A dowel that’s broken near the surface is tough to grip with pliers. So drive a small screw into the dowel, then pull it with a claw hammer. 5) Clean up the holes. After removing the dowel, take a twist drill the same diameter as the hole and turn it by hand to clean out any remaining glue or chips.
For a super-strong joint that doesn’t require a lot of precise fitting, try using epoxy and all-thread rod as a substitute for dowels and woodworker’s glue. Drill your holes in the same location as you would for a dowel assembly, but make the holes about 1⁄ 16 ” larger than the diameter of your all-thread rod.
Bung Removal , the Easy Ones Drill a pilot hole in the center of the bung . Screw in the woodscrew until its point bottoms out on the fastener. Keep on turning the screw slowly and with a bit of luck the plug should start to ride up the threads.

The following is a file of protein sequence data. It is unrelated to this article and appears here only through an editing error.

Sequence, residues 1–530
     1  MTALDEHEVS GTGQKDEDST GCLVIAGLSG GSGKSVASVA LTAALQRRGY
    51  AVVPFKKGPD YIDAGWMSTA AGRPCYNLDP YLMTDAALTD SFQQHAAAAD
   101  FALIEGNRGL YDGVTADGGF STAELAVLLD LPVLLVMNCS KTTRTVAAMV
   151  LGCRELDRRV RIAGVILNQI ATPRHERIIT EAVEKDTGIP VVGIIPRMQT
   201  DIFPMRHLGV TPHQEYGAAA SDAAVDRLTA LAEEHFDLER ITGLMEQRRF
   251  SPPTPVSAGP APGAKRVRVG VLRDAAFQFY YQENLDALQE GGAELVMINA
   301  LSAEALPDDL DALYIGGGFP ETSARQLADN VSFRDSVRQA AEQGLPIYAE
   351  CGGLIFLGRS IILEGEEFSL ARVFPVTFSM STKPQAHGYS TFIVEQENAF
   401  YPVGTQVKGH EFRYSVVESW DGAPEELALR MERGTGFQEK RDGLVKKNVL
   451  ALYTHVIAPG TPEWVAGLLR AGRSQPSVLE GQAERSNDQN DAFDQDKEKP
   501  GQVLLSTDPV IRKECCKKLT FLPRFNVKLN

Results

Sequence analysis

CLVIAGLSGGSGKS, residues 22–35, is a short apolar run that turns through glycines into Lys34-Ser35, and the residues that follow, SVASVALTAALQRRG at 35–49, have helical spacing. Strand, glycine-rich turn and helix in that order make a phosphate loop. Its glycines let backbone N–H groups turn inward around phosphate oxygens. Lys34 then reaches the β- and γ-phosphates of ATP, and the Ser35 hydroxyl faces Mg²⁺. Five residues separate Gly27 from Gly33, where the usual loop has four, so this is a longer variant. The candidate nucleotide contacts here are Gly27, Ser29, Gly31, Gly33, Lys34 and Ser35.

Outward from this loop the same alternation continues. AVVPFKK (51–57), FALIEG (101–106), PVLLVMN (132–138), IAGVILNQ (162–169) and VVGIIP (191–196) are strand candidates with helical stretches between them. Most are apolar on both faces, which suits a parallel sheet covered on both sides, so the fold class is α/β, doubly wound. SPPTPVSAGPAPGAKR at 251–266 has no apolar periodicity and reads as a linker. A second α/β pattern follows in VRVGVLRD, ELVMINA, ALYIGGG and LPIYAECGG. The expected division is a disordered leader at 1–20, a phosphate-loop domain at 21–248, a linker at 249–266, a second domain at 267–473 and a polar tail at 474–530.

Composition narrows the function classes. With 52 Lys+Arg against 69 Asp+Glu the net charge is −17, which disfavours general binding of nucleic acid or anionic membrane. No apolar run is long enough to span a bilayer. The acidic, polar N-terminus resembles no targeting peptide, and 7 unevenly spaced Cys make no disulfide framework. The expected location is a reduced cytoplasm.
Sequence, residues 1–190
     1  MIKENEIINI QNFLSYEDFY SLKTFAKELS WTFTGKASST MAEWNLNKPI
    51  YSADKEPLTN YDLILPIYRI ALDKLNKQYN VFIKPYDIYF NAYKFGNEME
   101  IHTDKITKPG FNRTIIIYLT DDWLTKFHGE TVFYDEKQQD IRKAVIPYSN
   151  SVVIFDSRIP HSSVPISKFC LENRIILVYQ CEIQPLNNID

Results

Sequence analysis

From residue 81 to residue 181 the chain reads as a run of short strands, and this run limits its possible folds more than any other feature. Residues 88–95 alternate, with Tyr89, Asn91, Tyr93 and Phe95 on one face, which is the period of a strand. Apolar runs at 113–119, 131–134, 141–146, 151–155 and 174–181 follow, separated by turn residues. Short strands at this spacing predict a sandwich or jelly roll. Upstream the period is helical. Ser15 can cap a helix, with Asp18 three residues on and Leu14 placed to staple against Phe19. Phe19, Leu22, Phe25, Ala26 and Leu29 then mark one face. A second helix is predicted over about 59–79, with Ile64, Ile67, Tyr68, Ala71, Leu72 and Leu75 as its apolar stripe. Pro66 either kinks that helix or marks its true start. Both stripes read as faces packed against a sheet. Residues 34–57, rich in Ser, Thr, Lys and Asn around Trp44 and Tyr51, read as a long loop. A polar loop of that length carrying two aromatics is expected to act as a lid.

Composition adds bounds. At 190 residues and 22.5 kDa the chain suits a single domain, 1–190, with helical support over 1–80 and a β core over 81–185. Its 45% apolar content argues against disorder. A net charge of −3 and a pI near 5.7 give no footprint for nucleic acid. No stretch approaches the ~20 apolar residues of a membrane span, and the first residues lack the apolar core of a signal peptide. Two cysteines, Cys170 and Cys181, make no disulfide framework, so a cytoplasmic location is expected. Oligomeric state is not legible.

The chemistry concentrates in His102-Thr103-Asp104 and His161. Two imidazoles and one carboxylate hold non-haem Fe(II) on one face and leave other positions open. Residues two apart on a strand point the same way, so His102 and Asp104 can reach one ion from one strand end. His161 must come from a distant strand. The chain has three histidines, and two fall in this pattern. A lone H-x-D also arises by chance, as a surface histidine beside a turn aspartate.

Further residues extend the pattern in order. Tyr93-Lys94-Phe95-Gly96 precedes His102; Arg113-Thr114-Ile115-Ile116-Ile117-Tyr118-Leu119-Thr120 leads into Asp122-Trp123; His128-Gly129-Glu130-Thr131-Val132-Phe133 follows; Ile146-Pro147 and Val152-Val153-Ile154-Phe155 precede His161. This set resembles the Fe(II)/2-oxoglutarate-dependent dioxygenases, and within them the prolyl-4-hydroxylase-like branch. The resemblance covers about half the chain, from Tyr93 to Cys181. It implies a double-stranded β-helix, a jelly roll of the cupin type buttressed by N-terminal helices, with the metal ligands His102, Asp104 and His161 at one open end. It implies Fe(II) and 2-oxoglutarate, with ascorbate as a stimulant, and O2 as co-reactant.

If the walls have wallplugs where for example a shelf was fitted and you don’t intend to refit the shelf after decorating, then the wallplugs will need to be removed and the holes filled . Don’t screw it too far in as this will open the plug and cause it to grip the inside of the wall .
Countersink the screws into the surface of the wood with a screwdriver. Apply a small amount of wood filler onto a drywall spatula and cover the hole with wood filler. Wait 24 hours and then sand the surface of the wood with a sanding block until the wood filler is level with the wood surface.
Open the jaws of a pair of pliers. Grip the pliers’ handles and twist the drill bit counterclockwise. Turn the pliers counterclockwise to loosen the drill bit and draw the bit out of the wood . Measure the diameter of the stuck drill bit with calipers or a tape measure.
Use a smaller drill and drill down until you hit the screw . It should be more than 1/4″ deep. Dig out whatever’s left: filler, dowel , or whatever and remove the screw . Drill the hole out and fill with an appropriately-sized dowel .
Water or white vinegar will do the job on familiar white carpenter’s glue , and vinegar will dissolve animal-based hide glue that you’re likely to find on older furniture. Use acetone or denatured alcohol if you suspect the joint was glued with epoxy or urethane.